July 13, 2024
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Linking Northern and Central NJ, Bronx, Manhattan, Westchester and CT

Shemot 5:3, 7:26

“Mom, can I have orange soda?”

“No, dear.”

“Please?”

It was a Monday night in Springfield, and Dina Traub was sitting in the local deli, Essabissel, with her youngest child, Danielle. Her husband was away on business in Denver, her oldest was at basketball practice until eight, and her second-born was at choir and then was planning to sleep at a friend’s. It was just her and her baby with a night on the town, and she was feeling, for lack of a better term, free.

“Sure, Danielle, orange soda is fine. But don’t tell your brother or sister. It will be our secret.”

That really made Danielle smile. Orange soda and a secret.

They had already eaten all the pickles the waiter had put out on the table and polished off most of the rye bread in the basket. The restaurant was empty. Dina assumed most families were home polishing off the last of their Shabbat leftovers on a Monday night or eating something you could whip up quickly, like baked ziti or fish sticks. Who goes out to eat on a Monday? It’s a school night, with lots of homework and plenty of responsibilities. Piano practice. Board meetings. Work assignments. Sitting in the empty Essabissel with only one child, Dina felt buoyant, almost decadent.

“And Danielle? If you finish your chicken nuggets, you can have any dessert you want.”

“Even Jell-O?

“Even Jell-O. With whipped cream, if you like.”

“Holy cow.”

As for Dina, she normally didn’t eat red meat—high cholesterol, and all that—but tonight she ordered a double-decker sandwich, corned beef and pastrami. Tonight, all bets were off.

“You know, Danielle, we’re starting to read the book of Shemot in shul this week.”

“I know, Mommy. That’s when we were slaves and then left Egypt.”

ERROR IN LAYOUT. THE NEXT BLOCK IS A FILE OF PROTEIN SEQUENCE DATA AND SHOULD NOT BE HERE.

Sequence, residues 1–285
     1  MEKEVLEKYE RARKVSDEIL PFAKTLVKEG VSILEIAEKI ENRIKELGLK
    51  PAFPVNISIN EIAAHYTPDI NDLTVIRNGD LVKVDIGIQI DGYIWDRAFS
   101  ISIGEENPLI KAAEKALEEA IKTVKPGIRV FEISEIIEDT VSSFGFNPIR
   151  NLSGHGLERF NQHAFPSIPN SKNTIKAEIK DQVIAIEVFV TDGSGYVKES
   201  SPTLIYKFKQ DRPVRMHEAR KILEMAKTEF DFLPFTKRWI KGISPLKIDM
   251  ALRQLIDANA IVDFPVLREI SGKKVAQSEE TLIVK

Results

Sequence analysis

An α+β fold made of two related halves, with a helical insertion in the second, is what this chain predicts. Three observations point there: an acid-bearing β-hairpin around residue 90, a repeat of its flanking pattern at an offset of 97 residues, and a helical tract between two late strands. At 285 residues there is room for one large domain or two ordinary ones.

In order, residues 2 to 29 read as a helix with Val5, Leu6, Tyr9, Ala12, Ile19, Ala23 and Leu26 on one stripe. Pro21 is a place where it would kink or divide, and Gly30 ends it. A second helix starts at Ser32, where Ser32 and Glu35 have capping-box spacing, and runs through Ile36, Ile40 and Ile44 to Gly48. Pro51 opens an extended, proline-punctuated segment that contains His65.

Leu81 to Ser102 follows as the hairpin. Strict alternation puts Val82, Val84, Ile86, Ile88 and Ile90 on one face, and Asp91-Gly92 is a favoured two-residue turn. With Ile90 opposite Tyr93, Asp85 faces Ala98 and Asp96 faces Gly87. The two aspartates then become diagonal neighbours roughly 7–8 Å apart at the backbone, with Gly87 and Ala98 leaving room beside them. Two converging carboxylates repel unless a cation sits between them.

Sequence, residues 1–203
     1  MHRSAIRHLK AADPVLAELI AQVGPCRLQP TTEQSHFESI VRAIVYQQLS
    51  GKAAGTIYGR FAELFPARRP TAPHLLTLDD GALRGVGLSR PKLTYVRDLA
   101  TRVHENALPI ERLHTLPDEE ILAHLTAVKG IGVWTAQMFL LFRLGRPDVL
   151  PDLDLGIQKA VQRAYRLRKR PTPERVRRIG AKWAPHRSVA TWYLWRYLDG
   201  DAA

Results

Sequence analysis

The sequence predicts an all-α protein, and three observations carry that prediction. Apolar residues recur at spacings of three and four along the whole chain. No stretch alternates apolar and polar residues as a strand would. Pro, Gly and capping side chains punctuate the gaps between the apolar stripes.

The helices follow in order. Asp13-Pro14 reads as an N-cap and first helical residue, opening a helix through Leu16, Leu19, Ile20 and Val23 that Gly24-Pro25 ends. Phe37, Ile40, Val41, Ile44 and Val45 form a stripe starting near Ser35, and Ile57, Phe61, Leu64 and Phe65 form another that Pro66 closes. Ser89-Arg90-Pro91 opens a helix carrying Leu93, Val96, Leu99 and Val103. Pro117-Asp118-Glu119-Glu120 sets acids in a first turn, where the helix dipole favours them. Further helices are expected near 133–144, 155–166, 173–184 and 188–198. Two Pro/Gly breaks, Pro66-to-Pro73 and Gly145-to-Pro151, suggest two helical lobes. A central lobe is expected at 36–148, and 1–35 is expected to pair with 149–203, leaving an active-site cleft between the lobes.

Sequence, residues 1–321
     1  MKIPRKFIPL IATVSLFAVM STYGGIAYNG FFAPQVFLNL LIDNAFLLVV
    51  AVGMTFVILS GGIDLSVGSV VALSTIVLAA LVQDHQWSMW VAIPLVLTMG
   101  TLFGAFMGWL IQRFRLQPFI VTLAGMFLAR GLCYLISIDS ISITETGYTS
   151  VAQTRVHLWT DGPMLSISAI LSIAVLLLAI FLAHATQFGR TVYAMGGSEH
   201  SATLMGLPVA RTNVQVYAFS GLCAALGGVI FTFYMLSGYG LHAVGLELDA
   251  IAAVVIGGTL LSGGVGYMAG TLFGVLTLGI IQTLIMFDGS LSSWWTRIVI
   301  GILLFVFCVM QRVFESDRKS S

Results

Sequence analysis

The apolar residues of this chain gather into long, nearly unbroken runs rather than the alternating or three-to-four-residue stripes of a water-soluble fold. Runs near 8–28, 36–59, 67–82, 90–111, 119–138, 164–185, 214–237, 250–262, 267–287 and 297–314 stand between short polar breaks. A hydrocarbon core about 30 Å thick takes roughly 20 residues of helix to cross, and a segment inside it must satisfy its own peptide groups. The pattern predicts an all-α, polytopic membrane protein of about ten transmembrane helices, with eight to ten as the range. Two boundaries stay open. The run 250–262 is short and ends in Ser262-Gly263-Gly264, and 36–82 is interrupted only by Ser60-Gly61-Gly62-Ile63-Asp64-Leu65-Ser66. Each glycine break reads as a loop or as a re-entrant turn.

“Yes, well, that’s probably more next week’s parsha. This week we’re still slaves.”

“Bummer.”

“Um, yes, bummer. Major league bummer. Still, I can’t help feeling like tonight we’re celebrating our freedom.”

“Really?”

“Yes,” said Dina, pinching Danielle’s cheek lightly, “Thanks to Hashem freeing us from Egypt, we’re no longer slaves, and we’re free to do as we please. We can do goofy things, like drink orange soda or eat whipped cream. Tonight, I feel especially liberated. Do you know what I mean?”

“Sure, Mommy.”

But how could an eight-year-old girl in suburban New Jersey know anything about liberation? For that matter, how could she, a 38-year old soccer mom, understand either? To understand freedom fully, one probably had to experience true servitude.

The orange soda arrived before their main courses.

“Can I drink my soda now?”

Any other night the answer would have been no. Danielle would have been instructed to wait for her main course.

“Sure, honey, but don’t forget to make a bracha.”

“Of course, Mommy.”

“Do you know why?”

“Because you have to make a bracha on everything you eat?”

“Well, yes, of course. But I was still thinking of Parshat Shemot. When the Jews were freed from Egypt, they didn’t leave just to escape slavery and have orange soda in the desert. They were going out to worship Hashem. When Moshe and Aharon tell Pharaoh to free the Jews, they say “Neilcha na derech shloshet yamim bamidbar v’nizbichah laHashem Elokeinu—Let us now go for a three-day journey in the wilderness, and we shall bring offerings to Hashem our God.” Hashem says it even more clearly in next week’s parsha: “Shalach et ami viya’avdooni—send My people out that they may serve Me.”

“So we are free, but we use our freedom to worship God. No orange soda without the blessing.”

“Got it.”

Danielle unsheathed her straw, blowing the paper cover across the table at her mother. She made the blessing, …shehakol nihiyeh bidvaro—through Whose word everything came to be, and then drained the bubbly orange liquid in what seemed to be one giant suck. The slurp noise from the straw at the bottom of the ice-filled glass happened in a matter of seconds.

“Freedom is good.”

“Ain’t that the truth.”

By Larry Stiefel

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